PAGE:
It's not enough to watch your opponent make himself look ridiculous, because there are people on the other side who are just as fervently opposed to our way of thinking as we are to their reactionary madness. You've got to energize people with a positive message of hope. People can figure out the contrast between that and a war-mongering, gay-bashing, rich-people-serving corporation-disguised-as-a-man without you thumping it over their heads every day. Instead of hitting back every day, make it so obvious that you don't have to.

A few months ago, I wrote you a letter advising you to take a stroll through the FDR Memorial and consider the inspiration he provided for the nation in a trying time. I repeat that advice today, and beg you--give the American people what they really want: an upbeat but realistic assessment of how we can get from where we are to where we ought to be. The American people are ready to go there; they just need someone to follow. Show us that you're ready to turn the American boat into the shore and deal with the problems that plague us head on.

Richard Nelson, concerned voter

Wednesday, April 21, 2004


Do 'Idol' Judges Serve A Purpose Beyond Saying 'You Suck'?

It was bound to happen eventually. Tonight, America finally eliminated a competitor who didn't deserve to go. While eliminating anyone prior to John Stevens was questionable, there's no question--none--that sending Jennifer Hudson home tonight was the wrong choice. Simon agreed, Paula agreed, Randy agreed, Ryan agreed--if Barry Manilow had come back out, he'd have said it, too, and already news stories are being posted decrying the fact that the best three singers ended up in the bottom three.

Give the show points for staging the selection well. Having George walk to the top three--knowing full well that he'd end up with the folks who had been wrongly placed on the bottom--and then switching him over was a dramatic way to make a point. That point was rammed home, perhaps a tad indelicately, as each judge basically said that John Stevens should have been sent home tonight. (He's the only one who received no praise tonight.)

Please, heed the words of the judges and vote next week--unless you're one of the maniacs who's been keeping John Stevens in business. In that case, please have your phone disconnected in the next week--and please, please, please, don't register to vote in November. If you're that poor a judge of talent, I really think you should stay home on Election Day.

Wry Analysis

Death Penalty: The Movie - The Supreme Court finds its happy ending. By Dahlia Lithwick

Every once in a while, I feel a duty to be sure that others know about a writer whose unique voice brings clarity to an otherwise baffling topic. Dahlia Lithwick, who writes the "Jurisprudence" and "Supreme Court Dispatches" columns for Slate, has such a voice. She parses the details of a case before the Supreme Court, lets you know how the justices seem to feel about it, explores the complicated terrain of precedent surrounding the case, and tosses this salad of information with a dressing that's a tart mix of wry humor, insightful opinion, informed prediction, and a qood explanation of the "So what?" of the case. Only Lithwick would suggest in writing that the Court is in danger of jumping the shark if there isn't a personnel change soon. Want to read more of her work? Start here.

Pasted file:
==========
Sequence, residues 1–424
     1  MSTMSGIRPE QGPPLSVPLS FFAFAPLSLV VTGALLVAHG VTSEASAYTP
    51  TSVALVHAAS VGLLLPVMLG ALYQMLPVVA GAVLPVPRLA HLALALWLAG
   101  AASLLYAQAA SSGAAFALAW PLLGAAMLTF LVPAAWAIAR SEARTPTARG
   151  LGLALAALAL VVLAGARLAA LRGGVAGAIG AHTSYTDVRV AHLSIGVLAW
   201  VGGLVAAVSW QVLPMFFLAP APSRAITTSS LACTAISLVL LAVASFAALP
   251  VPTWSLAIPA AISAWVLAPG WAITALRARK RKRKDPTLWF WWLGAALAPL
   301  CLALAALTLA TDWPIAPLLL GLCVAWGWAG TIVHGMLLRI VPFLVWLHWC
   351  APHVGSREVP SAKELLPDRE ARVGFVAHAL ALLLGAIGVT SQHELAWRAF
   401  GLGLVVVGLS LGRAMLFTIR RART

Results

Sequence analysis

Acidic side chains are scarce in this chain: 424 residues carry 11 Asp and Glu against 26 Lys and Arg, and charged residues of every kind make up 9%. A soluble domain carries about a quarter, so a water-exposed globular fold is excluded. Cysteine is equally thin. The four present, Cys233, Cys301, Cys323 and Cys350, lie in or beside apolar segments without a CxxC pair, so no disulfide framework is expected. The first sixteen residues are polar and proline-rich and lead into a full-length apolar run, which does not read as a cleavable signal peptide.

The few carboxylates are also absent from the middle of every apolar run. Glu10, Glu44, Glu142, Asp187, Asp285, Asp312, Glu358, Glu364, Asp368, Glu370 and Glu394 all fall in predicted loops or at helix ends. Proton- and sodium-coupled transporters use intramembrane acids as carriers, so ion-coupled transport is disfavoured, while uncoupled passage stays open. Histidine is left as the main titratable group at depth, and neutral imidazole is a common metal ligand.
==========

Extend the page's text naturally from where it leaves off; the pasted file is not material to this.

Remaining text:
Bandstand Boogie


Simon hit the nail on the head last night when he asked Barry Manilow, "What did you do to the girls?" It was unquestionably the night for the women on the show, as John Stevens gave his typical bland rendition to "Mandy" and George Huff had his second straight misstep. Diana and Jasmine both did better than they've done since the opening rounds of the show, and the diva trio was exceptional: how can you choose among the performances of Fantasia, La Toya, and Jennifer this week? I didn't. I voted for all three. Fantasia continues to show energy and versatility every week, and showing her motherly side can't have hurt her. La Toya may well be the best singer in the competition, as Simon said last night, and she's definitely confident up there. And Jennifer has made me proud to be on her bandwagon back when she was a wild card. The last three weeks have seen her develop into a solid top-three performer on the show.

Tonight's bottom three prediction: Diana, John, and (gasp!) George. After last night's improvement, I doubt we'll see Diana go, and George is still a strong performer overall. Which means...bye-bye, redhead. We won't miss you.

Tuesday, April 20, 2004


Saigon and Saddam - The use and abuse of Vietnam analogies

Since we've talked in recent days about the similarities and differences between Vietnam and Iraq, here's an article that considers the way Vietnam has impacted U.S. foreign policy and thinking in the ensuing three decades.